As to the firft, it appears that the Nancy failed with the ufual documents of an American vefiel, and was in every refpect entitled to be confidered as fuch, unlefs the French paf£. port which fhe received at St. Domingo would deprive her of that privilege. The general rule by which to determine the national character of a vefiel is the domicil of the owner. In the prefent cafe the owners refided in the ftate of RhodeIfland—We admit the exception to this rule where the vefiel navigates under the flag or affumed character of a country to which fhe does not belong—but the inftance before us we ap-» prehend is not the cafe of a vefiel failing under that protection, or, as it is termed by Sir William Scott, under the pafs of a different nation; her papers were all American except the one in queftion; fhe was in fact American, if we believe the verdict, and fhe profeflcd no other than the American character. The additional paper which fhe received on board at the Cape, according to its import, was not inconfiftent with that character; on the contrary fhe was therein ftated to be the property of Mr. Jenks, merchant at Providence, ftate of Rhode-Ifland; that paper, accompanied with the other do-« cuments fhe poffcffed, could not be evidence of her being French property, or employed as a French vefiel: fhe had come from a French port, and was deftined to a Dutch Ifland, both of which were lawful; and it was natural, and we believe is ufual in fuch cafes, for veffels to feek for protection, and guard themfelves againft the cruifers of the power whofe ports they have vifited. This paper, unfupported by other evidence of belligerent property or employment, could be received in that light only. Connected with the fact that all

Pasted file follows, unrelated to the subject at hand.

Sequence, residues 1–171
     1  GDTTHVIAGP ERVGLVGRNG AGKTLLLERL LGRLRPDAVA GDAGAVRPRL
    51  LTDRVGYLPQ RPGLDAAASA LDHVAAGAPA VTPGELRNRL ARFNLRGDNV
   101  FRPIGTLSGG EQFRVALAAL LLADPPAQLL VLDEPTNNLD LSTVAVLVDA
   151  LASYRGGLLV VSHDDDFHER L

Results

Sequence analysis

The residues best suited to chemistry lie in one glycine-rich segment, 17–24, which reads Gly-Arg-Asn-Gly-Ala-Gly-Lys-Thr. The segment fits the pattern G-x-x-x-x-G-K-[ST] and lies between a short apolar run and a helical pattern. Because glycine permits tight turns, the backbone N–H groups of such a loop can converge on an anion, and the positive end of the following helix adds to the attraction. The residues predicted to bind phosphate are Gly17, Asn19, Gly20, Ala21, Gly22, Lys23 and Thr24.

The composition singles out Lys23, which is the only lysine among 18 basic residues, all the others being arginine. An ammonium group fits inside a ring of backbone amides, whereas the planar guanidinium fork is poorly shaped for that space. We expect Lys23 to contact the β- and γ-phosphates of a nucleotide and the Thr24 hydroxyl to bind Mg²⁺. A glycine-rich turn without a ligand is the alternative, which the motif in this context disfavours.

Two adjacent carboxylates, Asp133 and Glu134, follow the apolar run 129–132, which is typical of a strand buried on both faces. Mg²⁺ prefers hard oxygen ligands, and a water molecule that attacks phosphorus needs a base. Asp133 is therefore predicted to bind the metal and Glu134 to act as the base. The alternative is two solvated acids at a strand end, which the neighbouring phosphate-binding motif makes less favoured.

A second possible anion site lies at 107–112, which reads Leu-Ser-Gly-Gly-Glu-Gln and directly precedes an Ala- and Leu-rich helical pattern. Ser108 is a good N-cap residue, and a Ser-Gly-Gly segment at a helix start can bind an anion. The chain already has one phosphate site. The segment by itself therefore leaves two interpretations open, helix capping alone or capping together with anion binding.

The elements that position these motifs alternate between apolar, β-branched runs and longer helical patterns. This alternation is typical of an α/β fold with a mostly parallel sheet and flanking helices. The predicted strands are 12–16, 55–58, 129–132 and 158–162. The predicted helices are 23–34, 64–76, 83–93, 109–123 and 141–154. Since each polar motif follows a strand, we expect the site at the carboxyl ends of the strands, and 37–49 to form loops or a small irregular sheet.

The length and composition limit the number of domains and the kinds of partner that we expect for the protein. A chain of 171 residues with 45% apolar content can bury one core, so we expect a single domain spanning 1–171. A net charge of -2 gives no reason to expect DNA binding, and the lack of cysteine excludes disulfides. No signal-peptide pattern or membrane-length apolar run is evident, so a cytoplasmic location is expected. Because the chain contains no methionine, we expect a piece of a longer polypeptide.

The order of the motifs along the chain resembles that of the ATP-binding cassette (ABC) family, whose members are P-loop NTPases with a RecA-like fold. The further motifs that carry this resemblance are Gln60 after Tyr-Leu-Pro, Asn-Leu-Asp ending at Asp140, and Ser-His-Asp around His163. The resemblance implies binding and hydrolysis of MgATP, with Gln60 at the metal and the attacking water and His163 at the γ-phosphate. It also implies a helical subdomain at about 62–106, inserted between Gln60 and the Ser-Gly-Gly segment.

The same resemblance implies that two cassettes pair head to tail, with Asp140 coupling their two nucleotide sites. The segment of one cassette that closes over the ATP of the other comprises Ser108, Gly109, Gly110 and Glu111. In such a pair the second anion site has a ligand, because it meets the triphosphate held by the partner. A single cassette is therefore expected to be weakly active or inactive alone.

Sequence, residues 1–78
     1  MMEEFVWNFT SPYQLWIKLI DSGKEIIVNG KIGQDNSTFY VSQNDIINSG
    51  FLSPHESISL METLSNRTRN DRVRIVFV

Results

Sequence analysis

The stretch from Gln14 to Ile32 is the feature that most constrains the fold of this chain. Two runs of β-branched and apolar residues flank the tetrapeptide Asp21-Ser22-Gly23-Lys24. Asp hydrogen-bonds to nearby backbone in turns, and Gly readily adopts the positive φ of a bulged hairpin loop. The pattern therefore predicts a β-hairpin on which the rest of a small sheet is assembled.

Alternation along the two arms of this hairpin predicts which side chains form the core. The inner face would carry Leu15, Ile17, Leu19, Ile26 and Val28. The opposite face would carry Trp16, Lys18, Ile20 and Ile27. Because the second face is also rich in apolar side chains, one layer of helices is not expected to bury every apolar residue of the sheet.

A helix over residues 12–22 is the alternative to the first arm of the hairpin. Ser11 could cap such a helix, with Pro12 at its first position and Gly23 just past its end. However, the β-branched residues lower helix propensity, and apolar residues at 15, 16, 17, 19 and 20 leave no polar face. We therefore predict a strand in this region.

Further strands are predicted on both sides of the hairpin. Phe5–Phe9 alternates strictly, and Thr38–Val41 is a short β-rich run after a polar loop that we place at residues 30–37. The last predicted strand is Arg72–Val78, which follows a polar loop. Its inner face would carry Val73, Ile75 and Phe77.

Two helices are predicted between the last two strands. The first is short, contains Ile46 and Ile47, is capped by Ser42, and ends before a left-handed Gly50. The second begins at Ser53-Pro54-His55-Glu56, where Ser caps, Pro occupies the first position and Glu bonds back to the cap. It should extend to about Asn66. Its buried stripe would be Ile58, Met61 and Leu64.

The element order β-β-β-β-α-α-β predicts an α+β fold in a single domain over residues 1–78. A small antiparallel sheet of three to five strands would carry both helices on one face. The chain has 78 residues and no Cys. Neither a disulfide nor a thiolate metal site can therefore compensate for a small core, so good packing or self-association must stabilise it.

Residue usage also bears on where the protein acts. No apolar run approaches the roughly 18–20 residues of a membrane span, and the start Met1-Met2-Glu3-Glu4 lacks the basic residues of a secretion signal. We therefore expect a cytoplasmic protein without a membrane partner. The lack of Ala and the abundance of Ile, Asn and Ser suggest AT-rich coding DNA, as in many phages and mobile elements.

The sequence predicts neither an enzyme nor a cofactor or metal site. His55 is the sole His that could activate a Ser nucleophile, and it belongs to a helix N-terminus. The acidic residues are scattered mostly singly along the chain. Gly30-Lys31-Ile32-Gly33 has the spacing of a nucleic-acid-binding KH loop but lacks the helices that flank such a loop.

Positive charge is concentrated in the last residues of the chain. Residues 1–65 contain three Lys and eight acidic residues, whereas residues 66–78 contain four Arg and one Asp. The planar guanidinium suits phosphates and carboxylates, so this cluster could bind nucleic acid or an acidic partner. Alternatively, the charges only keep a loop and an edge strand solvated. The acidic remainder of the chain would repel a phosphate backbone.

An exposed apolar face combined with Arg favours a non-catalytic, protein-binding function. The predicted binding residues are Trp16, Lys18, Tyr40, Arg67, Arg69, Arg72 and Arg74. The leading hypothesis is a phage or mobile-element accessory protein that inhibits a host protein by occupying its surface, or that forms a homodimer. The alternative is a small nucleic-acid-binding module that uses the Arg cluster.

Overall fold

mttrrcourfe had been prohibited by our government at that NEW-YOfcK, period with the French nation, we think it afforded a reafon- M*y l8o3able ground of fufpicion that fhe was employed in the fervice E. 1^ w&aL of the French and perhaps the rifle was thereby enhanced, but v

fo far as that fact was material, the prohibition was known to and \v\ Bowne. the underwriters before they fubferibed the policy, and they » r-.lift have eftunated the increafed danger, if any, that refulted from it. Of itfelf, we think, it would afford an additional fecuriry againfi one of the belligerent parties, (the French) and could not alone be a caufe of capture, or Sufficient to authorize a detention by any other belligerent. In practice, we believe it is cuftomary for veffels to endeavour to protect themfelves, by papers of this defcription from the public agents of every nation from which they can be obtained, and they have been considered as affording fecurity, inftcad of endangering their neutrality.

In determining the fecond qucftion it is again neceffary to recur to the facts found by the verdict. From them it appears that the veSfel was compelled to put into the Cape in diftrefs; that when there the cargo was landed for the purpofe of repairing her; that nearly all the provisions were taken by the French government which prohibited rclading any part of the cargo, and permitted to barter what was left for the produce of the ifland only, and to diSpoSe of it in no other way; if this be true they had no alternative but to comply with the terms prefcribed, or Sacrifice the whole of their property. Their acts Were acts of neceffity and coercion, and the law of Congrefs which fufpended the commercial intercourse with France and her dependencies, cannot rcafonably be conftrued to apply to a cafe of this defcription; its object was to prevent an intentional, of voluntary traffic, and not to compel a Sacrifice of property or inflict a penalty in cafes of diftrefs or neceffity. That would be a construction exceffively fevere, and contrary to the fpif it and intent of the act. On this point we understand a Similar decifion has been made in the Diftrict Court of this State, which on appeal, was affirmed by Judge PatterSon in the Circuit Court of the United States. We arc therefore of opinion, on both points, that the plainly}'!, ate entitled to recover.